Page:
Wildflowers at Ebey’s Landing

June 22, 2011

We saw so many wildflowers in bloom on the bluffs at Ebey’s Landing.  (Please comment if you know the names of any of these wildflowers!  Thanks.)

On the bluff at Ebey's Landing overlooking Puget Sound

Wild Nootka roses

9 Responses to “Wildflowers at Ebey’s Landing”

  1. Donna Says:

    4th from bottom looks like bindweed in bloom…3rd from bottom looks like plantain weed in bloom…I would have to look more up once I get home but many of these wildflowers we consider weeds in our gardens…lovely pics


  2. The one after the deep blue is a plantain. Medicinal herb, seen as a ‘weed in lawn’.

    No watercolours this time? Do you ever work from your photos, or only from live material?

    • Rosemary Says:

      Thank you for the identification tips!

      I work both from real samples and from my photos. My problem is finding time to paint. I can’t keep up with everything that’s in bloom!

  3. marta Says:

    Rosemary – I love your blog and watercolors. Wildflowers are our specialty and we love Ebey’s Landing. Did you know you can find cactus on the bluffs?

    Unfortunately – many of these are introduced species or ‘weeds’. But you have made them beautiful. I can not positively identify all. I’ll give you links to the Burke Museum’s field guide on the flowers for the ones I can identify. If you want a good reference guide – check out “Wildflowers of the Pacific Northwest” by Mark Turner – http://www.pnwflowers.com/ .

    Blue – Purple salsify – Tragopogon porrifolius
    http://biology.burke.washington.edu/herbarium/imagecollection.php?ID=718

    White – white campion – Silene latifolia
    http://biology.burke.washington.edu/herbarium/imagecollection.php?ID=1228

    Yellow – Yellow Salsify – Tragopogon dubius
    http://biology.burke.washington.edu/herbarium/imagecollection.php?ID=714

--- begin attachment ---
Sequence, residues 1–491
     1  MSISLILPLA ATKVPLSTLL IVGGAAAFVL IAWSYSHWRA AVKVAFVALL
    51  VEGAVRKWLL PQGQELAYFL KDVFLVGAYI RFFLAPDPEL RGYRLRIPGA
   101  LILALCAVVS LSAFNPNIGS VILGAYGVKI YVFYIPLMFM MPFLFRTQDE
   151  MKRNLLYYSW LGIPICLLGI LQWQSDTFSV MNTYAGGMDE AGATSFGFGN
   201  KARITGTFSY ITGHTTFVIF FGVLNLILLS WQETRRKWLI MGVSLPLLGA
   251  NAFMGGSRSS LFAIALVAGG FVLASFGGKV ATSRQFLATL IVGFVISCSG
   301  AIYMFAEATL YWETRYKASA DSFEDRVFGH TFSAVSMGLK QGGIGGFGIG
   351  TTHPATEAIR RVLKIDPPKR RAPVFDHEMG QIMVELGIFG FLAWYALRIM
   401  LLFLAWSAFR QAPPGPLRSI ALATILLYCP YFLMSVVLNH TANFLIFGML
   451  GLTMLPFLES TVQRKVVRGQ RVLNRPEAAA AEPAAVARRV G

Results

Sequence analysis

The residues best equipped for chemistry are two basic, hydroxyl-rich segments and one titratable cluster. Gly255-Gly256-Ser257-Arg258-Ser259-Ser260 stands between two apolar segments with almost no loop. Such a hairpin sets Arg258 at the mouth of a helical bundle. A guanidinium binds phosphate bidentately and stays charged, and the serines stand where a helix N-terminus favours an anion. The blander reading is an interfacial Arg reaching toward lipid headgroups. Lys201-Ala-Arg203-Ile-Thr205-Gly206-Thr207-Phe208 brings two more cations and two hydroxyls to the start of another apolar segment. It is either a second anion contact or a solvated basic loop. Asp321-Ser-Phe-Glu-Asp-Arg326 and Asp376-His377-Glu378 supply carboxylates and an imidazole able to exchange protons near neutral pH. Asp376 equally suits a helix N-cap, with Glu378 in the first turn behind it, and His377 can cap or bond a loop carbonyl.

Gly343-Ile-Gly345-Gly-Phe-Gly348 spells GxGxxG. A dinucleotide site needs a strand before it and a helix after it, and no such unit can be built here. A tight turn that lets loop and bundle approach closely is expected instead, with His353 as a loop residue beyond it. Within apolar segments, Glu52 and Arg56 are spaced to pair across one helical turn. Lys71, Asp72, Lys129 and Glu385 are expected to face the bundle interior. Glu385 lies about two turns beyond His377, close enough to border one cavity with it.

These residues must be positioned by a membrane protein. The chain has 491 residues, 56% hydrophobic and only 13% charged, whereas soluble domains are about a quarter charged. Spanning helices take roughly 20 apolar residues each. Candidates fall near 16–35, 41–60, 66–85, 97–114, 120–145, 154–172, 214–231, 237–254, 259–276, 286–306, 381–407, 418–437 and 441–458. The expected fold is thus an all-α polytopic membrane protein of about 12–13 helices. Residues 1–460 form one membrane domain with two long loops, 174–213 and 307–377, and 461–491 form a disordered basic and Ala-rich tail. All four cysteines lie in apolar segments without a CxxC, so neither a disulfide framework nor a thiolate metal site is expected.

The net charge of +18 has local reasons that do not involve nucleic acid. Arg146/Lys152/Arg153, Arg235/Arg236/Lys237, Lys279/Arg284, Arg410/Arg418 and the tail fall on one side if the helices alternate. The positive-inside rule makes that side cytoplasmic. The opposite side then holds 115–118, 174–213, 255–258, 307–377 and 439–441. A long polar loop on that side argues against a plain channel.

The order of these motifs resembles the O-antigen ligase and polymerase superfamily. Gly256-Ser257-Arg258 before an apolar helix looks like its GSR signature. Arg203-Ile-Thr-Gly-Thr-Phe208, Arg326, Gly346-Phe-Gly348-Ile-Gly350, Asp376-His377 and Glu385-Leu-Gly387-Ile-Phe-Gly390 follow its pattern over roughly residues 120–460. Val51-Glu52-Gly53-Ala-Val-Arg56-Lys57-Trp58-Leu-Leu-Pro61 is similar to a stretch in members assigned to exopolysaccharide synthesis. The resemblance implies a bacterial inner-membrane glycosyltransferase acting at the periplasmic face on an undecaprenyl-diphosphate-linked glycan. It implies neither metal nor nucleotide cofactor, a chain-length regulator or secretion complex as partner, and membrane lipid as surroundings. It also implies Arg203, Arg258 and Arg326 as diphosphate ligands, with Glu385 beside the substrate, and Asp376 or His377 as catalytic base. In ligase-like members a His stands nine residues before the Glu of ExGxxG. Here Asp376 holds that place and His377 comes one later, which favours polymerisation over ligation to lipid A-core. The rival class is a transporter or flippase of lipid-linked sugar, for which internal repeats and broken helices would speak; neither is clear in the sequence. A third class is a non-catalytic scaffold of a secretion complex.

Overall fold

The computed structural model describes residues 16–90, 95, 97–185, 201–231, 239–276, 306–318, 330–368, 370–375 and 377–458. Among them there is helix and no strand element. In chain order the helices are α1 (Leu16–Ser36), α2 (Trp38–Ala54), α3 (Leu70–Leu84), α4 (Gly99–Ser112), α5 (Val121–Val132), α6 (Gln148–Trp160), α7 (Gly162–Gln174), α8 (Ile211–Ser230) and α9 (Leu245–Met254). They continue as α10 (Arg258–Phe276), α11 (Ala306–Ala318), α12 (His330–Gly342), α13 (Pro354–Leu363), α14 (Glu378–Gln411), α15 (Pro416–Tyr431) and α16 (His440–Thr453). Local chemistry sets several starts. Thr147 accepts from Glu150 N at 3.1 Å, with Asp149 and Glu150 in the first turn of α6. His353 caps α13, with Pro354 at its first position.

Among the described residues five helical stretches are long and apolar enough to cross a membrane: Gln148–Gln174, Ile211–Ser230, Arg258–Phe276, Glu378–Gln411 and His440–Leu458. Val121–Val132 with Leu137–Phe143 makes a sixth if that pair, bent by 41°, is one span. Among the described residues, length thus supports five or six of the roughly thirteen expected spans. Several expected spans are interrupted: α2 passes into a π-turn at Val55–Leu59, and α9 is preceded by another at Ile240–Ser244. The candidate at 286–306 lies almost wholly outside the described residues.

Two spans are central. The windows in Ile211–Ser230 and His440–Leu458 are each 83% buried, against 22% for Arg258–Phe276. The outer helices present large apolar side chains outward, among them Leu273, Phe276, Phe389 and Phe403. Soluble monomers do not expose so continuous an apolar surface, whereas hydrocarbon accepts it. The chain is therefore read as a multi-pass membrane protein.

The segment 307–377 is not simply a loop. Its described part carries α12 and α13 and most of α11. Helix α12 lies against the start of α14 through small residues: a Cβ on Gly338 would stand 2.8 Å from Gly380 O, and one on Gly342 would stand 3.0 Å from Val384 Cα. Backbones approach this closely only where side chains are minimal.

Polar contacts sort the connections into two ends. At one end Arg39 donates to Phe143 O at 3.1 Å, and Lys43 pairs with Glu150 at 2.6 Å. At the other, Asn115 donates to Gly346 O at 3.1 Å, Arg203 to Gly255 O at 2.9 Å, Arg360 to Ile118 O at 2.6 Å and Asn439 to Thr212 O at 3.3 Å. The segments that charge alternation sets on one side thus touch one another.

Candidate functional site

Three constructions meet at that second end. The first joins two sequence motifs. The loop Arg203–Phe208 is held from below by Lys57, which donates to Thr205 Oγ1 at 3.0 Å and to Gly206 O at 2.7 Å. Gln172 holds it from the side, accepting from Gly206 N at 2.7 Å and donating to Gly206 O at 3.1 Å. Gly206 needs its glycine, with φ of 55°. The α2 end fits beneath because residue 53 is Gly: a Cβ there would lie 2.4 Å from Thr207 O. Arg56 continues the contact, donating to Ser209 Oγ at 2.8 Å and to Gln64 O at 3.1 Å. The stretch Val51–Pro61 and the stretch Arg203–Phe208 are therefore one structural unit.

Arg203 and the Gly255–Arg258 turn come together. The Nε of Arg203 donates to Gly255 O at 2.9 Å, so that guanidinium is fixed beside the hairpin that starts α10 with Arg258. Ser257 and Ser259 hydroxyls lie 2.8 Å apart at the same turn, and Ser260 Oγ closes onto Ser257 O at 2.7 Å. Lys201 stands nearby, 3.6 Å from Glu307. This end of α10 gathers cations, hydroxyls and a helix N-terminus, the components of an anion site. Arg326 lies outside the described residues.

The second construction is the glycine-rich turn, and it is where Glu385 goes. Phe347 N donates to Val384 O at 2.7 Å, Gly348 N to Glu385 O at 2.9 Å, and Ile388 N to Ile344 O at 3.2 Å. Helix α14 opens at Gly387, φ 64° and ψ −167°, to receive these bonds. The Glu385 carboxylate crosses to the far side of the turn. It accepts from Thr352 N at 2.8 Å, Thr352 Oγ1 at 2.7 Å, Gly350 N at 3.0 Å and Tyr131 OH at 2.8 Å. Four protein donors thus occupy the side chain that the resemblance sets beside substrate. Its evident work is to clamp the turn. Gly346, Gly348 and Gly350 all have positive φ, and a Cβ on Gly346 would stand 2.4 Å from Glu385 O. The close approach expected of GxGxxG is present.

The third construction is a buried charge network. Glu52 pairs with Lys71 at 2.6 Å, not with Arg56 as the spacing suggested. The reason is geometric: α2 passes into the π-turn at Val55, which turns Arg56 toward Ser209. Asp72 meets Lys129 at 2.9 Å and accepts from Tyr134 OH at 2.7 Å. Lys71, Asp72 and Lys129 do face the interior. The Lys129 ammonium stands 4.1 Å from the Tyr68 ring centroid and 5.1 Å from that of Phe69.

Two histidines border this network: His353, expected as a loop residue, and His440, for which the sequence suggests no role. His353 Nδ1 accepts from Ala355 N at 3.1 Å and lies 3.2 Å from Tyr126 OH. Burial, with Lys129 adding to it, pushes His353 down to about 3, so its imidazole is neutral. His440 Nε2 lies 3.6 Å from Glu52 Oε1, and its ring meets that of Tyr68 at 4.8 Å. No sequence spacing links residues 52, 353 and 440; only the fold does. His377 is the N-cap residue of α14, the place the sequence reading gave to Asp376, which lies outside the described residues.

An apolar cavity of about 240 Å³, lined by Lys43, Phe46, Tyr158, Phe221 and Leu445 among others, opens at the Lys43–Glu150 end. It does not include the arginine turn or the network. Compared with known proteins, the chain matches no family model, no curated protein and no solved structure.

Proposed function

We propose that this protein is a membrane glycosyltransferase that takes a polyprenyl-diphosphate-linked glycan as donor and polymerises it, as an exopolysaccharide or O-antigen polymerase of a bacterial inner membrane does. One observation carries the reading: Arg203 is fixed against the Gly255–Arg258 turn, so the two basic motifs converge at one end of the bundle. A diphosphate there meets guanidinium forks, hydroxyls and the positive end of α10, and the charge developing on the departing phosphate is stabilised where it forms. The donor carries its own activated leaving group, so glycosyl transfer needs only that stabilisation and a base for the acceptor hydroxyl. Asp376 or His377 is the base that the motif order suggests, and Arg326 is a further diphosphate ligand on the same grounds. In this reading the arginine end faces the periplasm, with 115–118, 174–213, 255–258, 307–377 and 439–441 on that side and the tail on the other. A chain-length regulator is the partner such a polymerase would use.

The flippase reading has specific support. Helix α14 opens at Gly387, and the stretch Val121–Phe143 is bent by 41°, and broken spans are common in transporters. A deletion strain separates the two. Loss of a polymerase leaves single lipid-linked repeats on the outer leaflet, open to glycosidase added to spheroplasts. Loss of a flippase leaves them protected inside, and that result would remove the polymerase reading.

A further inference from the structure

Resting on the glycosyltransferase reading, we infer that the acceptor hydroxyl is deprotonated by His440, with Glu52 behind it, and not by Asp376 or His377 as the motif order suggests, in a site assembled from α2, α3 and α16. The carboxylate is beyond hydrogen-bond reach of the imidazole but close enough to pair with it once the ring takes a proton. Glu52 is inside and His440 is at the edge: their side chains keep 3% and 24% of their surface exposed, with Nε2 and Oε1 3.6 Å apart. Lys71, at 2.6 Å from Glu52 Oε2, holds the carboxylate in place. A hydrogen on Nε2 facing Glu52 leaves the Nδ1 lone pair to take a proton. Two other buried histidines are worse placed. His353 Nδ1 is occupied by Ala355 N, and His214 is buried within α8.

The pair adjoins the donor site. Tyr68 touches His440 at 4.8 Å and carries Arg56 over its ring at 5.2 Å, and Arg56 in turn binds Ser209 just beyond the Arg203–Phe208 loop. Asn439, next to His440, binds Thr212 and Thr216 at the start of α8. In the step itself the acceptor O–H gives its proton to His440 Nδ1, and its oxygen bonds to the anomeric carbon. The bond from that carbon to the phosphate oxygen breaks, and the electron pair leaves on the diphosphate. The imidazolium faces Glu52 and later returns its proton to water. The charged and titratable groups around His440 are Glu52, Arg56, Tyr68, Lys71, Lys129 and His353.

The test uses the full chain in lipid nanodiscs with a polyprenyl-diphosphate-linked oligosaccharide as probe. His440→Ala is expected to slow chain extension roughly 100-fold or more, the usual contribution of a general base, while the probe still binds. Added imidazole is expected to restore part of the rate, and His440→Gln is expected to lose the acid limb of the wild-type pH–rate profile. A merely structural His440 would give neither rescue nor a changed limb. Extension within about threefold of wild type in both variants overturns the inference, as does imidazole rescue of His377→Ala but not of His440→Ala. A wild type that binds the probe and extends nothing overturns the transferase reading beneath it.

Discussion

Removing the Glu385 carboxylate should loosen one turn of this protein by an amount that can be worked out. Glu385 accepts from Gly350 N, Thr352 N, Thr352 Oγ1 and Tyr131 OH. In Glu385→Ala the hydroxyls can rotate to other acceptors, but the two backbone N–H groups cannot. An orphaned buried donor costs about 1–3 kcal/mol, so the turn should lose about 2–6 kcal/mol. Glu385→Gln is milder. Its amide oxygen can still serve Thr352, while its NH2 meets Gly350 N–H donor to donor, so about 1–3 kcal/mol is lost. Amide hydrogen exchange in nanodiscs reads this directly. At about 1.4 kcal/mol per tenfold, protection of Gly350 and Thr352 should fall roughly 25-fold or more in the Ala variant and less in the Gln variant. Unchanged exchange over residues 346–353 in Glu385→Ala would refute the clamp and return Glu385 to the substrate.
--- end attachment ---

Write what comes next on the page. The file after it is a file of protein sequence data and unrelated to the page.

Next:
Orange – fiddleneck – Amsinckia menziesii
    http://biology.burke.washington.edu/herbarium/imagecollection.php?ID=766

    Purple – vetch – Vicia Villosa
    http://biology.burke.washington.edu/herbarium/imagecollection.php?ID=4773

    Airy – plantain – Plantago lanceolata
    http://en.wikipedia.org/wiki/Plantago_lanceolata

    Last one maybe miner’s lettuce
    http://biology.burke.washington.edu/herbarium/imagecollection.php?ID=4773

    • Rosemary Says:

      Wow, thanks for so much great information. I looked at your blog. Loved the hostas — and the coincidence since I’ve recently blogged about them, too! Thanks again.

  4. Hallysann Says:

    The flowers are very pretty, I particularly liked the second picture where they’re all stood like an impatient crowd stretching their necks up to see what’s comming next 🙂

  5. garden2day Says:

    So much color from these small flowers!!! Beauty comes in small packages and is not appreciated equally. Thanks for pointing out these beauties!

  6. shoreacres Says:

    We have the plantain here in Texas, and I just found a relative of the Nootka rose in Missouri over the Memorial Day holiday. On that same trip, I found seedheads of the yellow salsify, also in Missouri. They’re like giant — giant! — dandelions. You can see one here.


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